This ties into our perception that politicians must be corrupt. Our politicians are afraid and unwilling to tackle difficult issues that face us as a country. Think of the fact that one-in-five households steal electricity, but we don’t do anything about it.
As it is now, we have low expectations of ourselves, and this translates into poor performance at all levels. You as a young person, need to look inside of yourself and produce the best for your family, your company, and your country. Do not emulate the negative attitudes around you. We need a new and courageous body of young people that can turn this country around. Just know that the willpower to make a difference is within each of you. Our failures are not just because of our political leaders, but also because of our own acceptance of mediocrity.
This means that you must:
- Be involved in politics.
- Speak up when you see things that are wrong.
- Work harder in your personal capacity.
Our economy can grow with our combined efforts. We have weathered the storm of COVID-19 and our macro-economic situation is stable. We can grow in a number of areas, given the opportunities, including:
a) Export to the Caribbean because of freight rates that favour inter-island trading.
b) Online selling through many websites.
c) BPO and tourism.
So, what is holding us back? Yes, I know that there are still problems such as:
- High cost of security
- High cost of electricity, gas
- High levels of corruption and crime
- Shortage of containers which causes supply chain problems.
We have to fight our way through these problems and deliver or goods and services on time. One of my distributors tell me that he could do 30 per cent more business with Jamaican exporters. If only he could get the goods. Instead, he gets excuses for non-delivery. I suspect that our failure to excel is not just related to exports but covers all of our business.
What gives me hope? In 2010 the Junior Stock Exchange was born. Forty-four companies have come on board and these companies have been totally transformed. The performance of the management has been lifted. I don’t know if it is because of the additional scrutiny or the pressure to deliver profit to shareholders, that comes from being listed, that lifts the performance. I just know that it happens, and it is in all of us to excel. Today, the Junior Stock Exchange is worth J$200 billion. My own company is worth US$50 million vs US$5 million when we listed. This is the reason I have been encouraging companies to join the Junior Stock Exchange. The JMEA has signed an MOU with the JSE in order to bring more companies on board.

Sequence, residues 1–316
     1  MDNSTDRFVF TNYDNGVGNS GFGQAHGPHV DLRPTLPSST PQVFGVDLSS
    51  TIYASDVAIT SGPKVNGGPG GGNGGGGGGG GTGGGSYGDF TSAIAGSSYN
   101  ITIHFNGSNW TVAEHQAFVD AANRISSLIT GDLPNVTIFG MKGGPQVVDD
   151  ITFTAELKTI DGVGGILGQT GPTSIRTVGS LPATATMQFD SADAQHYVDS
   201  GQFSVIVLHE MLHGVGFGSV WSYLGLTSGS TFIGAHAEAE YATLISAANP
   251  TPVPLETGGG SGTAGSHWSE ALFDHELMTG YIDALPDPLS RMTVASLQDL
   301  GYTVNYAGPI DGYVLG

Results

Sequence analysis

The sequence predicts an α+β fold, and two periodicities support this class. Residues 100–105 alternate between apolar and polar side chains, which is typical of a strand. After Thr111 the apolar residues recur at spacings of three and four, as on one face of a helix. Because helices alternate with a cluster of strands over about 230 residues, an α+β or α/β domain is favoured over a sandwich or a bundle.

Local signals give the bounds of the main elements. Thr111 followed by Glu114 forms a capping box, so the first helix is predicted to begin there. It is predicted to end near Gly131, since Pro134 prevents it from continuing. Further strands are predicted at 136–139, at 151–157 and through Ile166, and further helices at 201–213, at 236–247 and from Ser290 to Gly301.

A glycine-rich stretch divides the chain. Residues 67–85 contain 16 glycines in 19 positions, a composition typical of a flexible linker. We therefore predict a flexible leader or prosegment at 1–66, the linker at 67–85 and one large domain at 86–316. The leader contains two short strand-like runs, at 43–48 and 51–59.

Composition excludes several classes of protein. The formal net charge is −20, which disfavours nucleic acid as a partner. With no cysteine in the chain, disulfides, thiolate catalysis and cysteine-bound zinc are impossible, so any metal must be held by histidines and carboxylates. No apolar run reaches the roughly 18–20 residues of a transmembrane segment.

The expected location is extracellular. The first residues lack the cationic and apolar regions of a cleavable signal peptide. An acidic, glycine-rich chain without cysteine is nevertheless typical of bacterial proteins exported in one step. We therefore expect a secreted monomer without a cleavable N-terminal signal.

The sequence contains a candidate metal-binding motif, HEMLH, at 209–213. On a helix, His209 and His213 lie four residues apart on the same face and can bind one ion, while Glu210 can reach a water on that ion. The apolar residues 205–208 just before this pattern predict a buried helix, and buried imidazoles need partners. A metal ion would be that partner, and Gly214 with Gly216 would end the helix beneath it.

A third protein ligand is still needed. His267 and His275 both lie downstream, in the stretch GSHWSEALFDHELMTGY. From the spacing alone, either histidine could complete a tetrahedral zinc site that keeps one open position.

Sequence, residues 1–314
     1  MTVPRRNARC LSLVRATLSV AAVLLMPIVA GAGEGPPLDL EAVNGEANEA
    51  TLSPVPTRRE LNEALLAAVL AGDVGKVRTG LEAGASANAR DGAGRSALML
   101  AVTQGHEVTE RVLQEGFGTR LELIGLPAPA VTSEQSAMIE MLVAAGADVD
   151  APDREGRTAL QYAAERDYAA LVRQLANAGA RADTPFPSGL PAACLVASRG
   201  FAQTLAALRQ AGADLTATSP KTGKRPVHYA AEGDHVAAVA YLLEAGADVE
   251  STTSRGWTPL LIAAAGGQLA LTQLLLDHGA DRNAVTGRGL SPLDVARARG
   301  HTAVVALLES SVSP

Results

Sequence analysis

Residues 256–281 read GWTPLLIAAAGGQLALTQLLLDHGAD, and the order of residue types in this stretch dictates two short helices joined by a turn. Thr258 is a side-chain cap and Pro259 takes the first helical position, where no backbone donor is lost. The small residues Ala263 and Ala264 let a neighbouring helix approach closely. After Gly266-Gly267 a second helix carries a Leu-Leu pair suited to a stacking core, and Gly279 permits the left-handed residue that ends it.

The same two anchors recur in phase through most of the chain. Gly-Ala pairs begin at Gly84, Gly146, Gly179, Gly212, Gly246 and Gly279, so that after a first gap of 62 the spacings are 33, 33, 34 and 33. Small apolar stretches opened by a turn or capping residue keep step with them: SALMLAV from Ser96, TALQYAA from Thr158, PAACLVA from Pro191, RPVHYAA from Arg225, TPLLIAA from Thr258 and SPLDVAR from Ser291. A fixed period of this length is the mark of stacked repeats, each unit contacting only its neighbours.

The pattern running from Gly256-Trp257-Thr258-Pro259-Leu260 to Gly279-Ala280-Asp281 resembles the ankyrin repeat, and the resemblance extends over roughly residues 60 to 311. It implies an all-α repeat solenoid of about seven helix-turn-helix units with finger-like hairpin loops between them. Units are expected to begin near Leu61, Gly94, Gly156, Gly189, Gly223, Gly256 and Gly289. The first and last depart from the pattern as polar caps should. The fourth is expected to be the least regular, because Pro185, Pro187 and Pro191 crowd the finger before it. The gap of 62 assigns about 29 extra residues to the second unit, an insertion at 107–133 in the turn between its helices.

Also, don’t forget our world-class tourism industry. Our home-grown, all-inclusive hotels rank among the best in the world, and we have to compete for international tourists with many countries that offer sun, sea, sand and ganja. The hotels have to compete with foreign-owned hotels right here in Jamaica. This sector has shown the rest of us that we have it within us to be the best.
Finally, just one other piece of advice for you in your approach to business. The COVID-19 pandemic and the war in Ukraine should show us that we must always operate our business and lives on the basis that the unimaginable can happen at any time and we must prepare for this and become self-reliant.
Prior to Covid-19, we had a fairly long run when things were going well for us economically and we were making plans for this to continue forever. Then, all of a sudden, in early 2020, COVID-19 happened and almost brought us to our knees. Be assured that these major events happen every 10 years or so and you must run your business with this in mind. Before this, we had the world financial meltdown in 2008. Before that Jamaica had its financial meltdown in the 90s that destroyed our financial sector and the entrepreneurial middle class. I could go back further in time to show you more examples of major and unexpected events.
I will end by saying Jamaica’s future is in our hands. Be decisive, be bold and remember your actions count as a leader!
Thank you, everyone, for your attention, and I wish you all the best for the future.”